Safety is an instinctive need that has guided human choices throughout history. Now more than ever, it has become not only a focus, but almost an obsession. Designers are trained to mediate between disruptive change and normalcy and can soothe people's anxiety. When scientific revolutions happen, they translate them into objects that people can understand and use. Good design provides protection and security without sacrificing the need to innovate and invent. This book and the exhibition that it accompanies document the unique objects that designers have created to answer people's needs, both physical and psychological. Physical objects include shelters for victims of disasters and homeless people, hideaway furniture and personal armor and protective gear, while psychological objects include those that thwart identity theft, offer self-defense, and provide comforting reassurance. The objects presented here reflect how good design goes hand-in-hand with personal needs.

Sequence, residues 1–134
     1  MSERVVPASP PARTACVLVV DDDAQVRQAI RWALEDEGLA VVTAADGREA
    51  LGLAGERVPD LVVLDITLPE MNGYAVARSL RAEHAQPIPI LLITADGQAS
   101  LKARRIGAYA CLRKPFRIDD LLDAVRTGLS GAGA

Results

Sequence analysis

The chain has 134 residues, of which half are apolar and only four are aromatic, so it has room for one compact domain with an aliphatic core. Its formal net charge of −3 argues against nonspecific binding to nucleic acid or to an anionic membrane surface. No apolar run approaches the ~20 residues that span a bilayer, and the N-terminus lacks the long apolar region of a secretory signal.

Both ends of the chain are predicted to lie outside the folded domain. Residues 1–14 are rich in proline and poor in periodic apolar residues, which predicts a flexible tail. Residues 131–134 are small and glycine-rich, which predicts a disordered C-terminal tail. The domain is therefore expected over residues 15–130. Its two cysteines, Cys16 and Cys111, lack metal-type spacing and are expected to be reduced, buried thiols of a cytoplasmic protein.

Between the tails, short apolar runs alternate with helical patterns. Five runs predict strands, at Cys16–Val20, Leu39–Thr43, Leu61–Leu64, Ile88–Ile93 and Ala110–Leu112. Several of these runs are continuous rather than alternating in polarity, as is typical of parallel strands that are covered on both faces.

This book includes an introductory essay by Paola Antonelli, Curator in the Department of Architecture and Design at The Museum of Modern Art in New York; an essay by Phil Patton on cars; another by Marie O'Mahony on materials and technologies; and a third by Cameron Sinclair on design for refugees and third-world facilities. The issues addressed by each of these authors will find resonance in people's minds and souls.
Museum of Modern Art
Design Takes on Risk